Mar 202018
 
Photo from the Illustrated War News, 08th Aug 1917.

Photo from the Illustrated War News, 08th Aug 1917. Source: Tales From The Archive

Devon was one of the first counties in England to form a Women’s Land Army and Miss Calmady-Hamlyn, from an old Devon family who owned an estate on the edge of Dartmoor, was appointed an Inspector, and by speaking at regional and national meetings, became one of the key figures in promoting women to work on the land.
At a turbulent meeting of the Totnes Farmers’ Union in 1916 leading female figures including Miss Calmady-Hamlyn, were chastised and would “have done very much better with women’s labour by taking vacant farms and showing how they could produce poultry, pork and dairy produce. They had not done it but they were telling farmers to do it.”[The People of Devon in the First World War by David Parker]

Such was her conviction that women could be effective farmers and to convince the sceptics she was right, that in 1917 she established a farm exclusively run by women. Great Bidlake Farm had fallen from “one of the best bits of wheatland in the district, to grazing ground”. [Great Bidlake Farm The Landswoman September 1918 p194-197]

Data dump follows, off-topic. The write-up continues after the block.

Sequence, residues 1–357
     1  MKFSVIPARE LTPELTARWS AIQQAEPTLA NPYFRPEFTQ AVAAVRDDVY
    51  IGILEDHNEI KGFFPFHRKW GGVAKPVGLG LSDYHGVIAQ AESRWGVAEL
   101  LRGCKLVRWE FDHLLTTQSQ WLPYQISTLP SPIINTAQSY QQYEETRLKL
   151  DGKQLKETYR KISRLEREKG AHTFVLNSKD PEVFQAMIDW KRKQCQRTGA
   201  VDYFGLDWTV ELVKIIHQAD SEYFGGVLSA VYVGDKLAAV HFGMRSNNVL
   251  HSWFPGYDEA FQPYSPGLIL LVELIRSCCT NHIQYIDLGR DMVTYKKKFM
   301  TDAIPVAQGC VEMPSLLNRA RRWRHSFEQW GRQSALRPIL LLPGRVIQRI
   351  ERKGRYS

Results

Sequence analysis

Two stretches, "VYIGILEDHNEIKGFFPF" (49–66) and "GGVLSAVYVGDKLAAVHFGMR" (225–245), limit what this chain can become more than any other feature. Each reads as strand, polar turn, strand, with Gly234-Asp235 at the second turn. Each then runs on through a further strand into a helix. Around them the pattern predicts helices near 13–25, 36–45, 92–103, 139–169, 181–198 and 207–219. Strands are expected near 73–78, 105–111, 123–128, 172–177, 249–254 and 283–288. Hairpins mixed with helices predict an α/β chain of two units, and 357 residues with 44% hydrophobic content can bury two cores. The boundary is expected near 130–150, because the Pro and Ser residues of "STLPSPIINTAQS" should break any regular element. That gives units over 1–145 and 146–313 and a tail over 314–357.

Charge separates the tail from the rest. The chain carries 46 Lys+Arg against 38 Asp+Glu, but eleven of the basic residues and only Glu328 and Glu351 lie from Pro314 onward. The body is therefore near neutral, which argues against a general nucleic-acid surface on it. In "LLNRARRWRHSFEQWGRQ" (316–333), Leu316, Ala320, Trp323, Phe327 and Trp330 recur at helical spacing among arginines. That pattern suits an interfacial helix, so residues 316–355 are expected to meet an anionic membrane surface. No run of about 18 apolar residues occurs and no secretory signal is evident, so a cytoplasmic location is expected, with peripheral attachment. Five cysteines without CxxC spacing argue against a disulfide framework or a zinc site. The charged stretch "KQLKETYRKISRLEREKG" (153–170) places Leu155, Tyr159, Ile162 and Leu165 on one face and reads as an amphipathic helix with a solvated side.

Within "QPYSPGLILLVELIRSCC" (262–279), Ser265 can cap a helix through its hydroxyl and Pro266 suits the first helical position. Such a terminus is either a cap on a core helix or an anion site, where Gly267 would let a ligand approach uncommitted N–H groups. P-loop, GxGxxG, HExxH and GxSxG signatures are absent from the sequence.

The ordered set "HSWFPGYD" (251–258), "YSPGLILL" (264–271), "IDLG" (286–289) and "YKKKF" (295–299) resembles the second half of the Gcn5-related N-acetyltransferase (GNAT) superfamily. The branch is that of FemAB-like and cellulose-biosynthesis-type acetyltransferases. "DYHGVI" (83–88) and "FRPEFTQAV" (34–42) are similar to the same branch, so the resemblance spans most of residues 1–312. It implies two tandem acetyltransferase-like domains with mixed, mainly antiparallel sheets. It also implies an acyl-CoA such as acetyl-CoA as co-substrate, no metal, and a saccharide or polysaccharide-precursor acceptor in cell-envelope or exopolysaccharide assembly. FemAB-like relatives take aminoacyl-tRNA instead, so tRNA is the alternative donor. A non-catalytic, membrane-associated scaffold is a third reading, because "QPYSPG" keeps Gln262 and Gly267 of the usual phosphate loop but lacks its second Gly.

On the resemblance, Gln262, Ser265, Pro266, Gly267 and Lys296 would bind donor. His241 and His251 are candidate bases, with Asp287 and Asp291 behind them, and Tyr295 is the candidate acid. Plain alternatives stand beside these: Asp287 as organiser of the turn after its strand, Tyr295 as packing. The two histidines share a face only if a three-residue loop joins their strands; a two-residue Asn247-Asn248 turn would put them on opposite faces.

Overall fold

A trial had been made of the horse drawn Syracruse riding plough which proved to be ideal to be worked by women, making possible for eighty-two acres to be put under cultivation. Proving that with the right equipment women could be efficient in farming.

Twenty acres of wheat was prepared, amid the gloomy predictions of local farmers it would be doomed to failure on newly turned land and “bewitched” by female labour, instead it was awarded praise as the “the finest crops in the parish”.

There were four permanent land worker staff, supplemented by twelve trainees at a time who were instructed in field work. Miss Isaac, the horsewoman, was straight from school and the daughter of a farmer from North Devon. Responsible for cutting the Hay harvest she handled her horse team, for the first time in a mower, with considerable skill.

There were three North Devon farming families of Isaac’s, Ethel [18] daughter of Ade Isaac from Winkleigh, Elizabeth [14] daughter of Albert Isaac of Goodleigh and three girls in the same family, Francis [16], Alice [15] and Gertrude [14] daughters of William Isaac of Buckland Brewer. It was more likely to be Albert’s or William’s girls as the school leaving age at the time was 13.

Sandi Vass, Assistant Librarian, North Devon Athenaeum.

To read more on the Women’s Forestry Corps in the Devon area, check out her excellent blog post here.